Adobe Clears Up its AI Strategy: 5 Tech Things to Know in Australia Today

Adobe Clears Up its AI Strategy: 5 Tech Things to Know in Australia Today

Good morning. With Apple Christmas come and gone, let’s get into today’s tech news.

1. Adobe updates controversial policies

Following online outrage over recent policy changes, Adobe is updating its terms of use to be less ambiguous about the training of its AI on art produced by its customers, and the ownership of such works.

“Your content is yours and will never be used to train any generative AI tool. We will make it clear in the license grant section that any license granted to Adobe to operate its services will not supersede your ownership rights,” Adobe said in a blog post directly addressing customer outrage in regard to its vague terms of use wording.

“In a world where customers are anxious about how their data is used, and how generative AI models are trained, it is the responsibility of companies that host customer data and content to declare their policies not just publicly, but in their legally binding Terms of Use.”

2. Credit cards banned for online betting

Legislation that prevents Australians from using credit cards for online betting has now come into full effect. Fines of up to $234,750 could be placed on companies who fail to enforce the ban.

“Our commitment to ensuring that gambling takes place within a robust legislative framework with strong consumer protections remains steadfast, and we will have more to announce in due course,” Federal Minister for Communications Michelle Rowland said. “Australians should not be gambling with money they do not have.”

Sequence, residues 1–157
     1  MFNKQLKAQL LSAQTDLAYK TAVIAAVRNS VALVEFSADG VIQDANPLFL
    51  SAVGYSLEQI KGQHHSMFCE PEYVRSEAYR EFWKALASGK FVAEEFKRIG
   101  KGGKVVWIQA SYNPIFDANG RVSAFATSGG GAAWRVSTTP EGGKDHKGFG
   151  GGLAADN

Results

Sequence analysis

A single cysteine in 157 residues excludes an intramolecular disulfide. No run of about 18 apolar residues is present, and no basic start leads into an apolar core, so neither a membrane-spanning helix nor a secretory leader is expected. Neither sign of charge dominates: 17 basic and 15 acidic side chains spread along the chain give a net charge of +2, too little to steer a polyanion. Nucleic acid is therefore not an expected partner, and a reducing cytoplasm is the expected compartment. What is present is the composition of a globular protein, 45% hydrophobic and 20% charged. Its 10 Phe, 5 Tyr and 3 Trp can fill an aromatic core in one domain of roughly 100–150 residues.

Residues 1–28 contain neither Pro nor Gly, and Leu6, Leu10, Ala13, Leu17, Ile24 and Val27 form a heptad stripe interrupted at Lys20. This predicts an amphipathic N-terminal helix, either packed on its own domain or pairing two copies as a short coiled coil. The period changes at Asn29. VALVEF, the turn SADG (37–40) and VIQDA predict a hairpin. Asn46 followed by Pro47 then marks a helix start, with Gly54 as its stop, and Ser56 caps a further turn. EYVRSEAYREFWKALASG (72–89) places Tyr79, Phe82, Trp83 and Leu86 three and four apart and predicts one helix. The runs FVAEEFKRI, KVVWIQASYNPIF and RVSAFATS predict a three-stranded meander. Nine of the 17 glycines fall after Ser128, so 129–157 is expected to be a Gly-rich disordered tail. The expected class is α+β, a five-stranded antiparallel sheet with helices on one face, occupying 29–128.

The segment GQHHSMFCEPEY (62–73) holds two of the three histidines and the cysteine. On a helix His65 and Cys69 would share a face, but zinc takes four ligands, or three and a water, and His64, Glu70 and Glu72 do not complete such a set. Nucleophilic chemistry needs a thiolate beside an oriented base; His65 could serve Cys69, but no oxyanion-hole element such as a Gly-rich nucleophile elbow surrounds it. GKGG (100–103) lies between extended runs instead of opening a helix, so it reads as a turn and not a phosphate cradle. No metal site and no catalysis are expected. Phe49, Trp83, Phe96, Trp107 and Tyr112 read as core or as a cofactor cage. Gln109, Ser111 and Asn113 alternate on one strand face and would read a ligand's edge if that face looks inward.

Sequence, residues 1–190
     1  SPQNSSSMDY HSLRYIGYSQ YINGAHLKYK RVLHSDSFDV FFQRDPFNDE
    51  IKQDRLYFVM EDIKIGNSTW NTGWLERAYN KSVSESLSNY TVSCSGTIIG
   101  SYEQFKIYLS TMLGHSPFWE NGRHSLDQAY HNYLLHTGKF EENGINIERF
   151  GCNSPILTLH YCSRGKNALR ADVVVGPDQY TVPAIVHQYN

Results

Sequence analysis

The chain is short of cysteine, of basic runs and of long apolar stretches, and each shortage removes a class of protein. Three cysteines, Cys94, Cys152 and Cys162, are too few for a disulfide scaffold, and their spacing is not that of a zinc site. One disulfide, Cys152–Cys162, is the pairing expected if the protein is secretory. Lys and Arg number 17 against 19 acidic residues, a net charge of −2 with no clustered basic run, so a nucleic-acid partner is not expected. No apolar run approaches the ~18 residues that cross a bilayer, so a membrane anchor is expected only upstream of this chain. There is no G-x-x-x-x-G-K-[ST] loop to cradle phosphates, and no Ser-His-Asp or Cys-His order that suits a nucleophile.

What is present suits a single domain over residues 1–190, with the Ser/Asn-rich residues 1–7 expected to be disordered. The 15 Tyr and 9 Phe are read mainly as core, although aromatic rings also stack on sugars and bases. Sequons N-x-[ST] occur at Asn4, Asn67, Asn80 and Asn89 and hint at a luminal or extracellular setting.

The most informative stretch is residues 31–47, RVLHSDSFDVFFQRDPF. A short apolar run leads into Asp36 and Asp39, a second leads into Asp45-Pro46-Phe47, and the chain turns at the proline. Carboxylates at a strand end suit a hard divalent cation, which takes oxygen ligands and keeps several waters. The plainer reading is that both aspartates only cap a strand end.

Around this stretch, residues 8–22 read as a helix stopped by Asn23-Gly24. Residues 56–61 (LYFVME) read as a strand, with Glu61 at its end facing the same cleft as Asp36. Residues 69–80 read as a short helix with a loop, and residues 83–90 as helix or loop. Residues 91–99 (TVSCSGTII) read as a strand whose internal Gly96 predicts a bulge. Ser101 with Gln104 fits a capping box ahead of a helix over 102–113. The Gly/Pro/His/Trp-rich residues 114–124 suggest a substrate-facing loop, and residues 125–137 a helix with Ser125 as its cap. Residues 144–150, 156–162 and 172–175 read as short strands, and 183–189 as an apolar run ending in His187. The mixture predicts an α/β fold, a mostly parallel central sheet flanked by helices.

3. Hackers sabotaging AI to protest art theft

404 Media reports that a group of hackers are targeting users of Stable Diffusion, protesting the model’s use of art to train generative AI capabilities, through the use of a malicious extension hosted on Github. The Github page has already been taken down, though a message on the page prior to takedown wrote “Maybe check us out, and maybe think twice about releasing ai tools on such a weakly secured account.” Honestly, this is such a banger article, please read it.

4. Let’s run the hits

Guess who is back in 5 Things? Elizabeth Holmes, the convicted criminal charged with fraud and fallen Silicon Valley darling behind ditched medtech company Theranos. This time around, AP reports, Holmes is attempting to overturn her conviction from her Texas prison, for which she is serving 11 years jail time – and the three judges on the appeals court case made it clear that it would take some compelling evidence to overturn Holmes’ conviction.

1. Lmao

Elon Musk, who spat the dummy yesterday over Apple’s upcoming ‘Apple Intelligence’ AI system and how it works in tandem with ChatGPT, is now withdrawing his lawsuit against the GPT maker, OpenAI. Reuters reports that lawyers representing the world’s richest man have asked a California court to dismiss the lawsuit, without a reason being cited. The lawsuit originally accused the company of abandoning its goals of benefiting humanity, instead chasing profits.

BONUS ITEM: Netflix’s best series is back for one more season!

Have a lovely day.

Image: iStock

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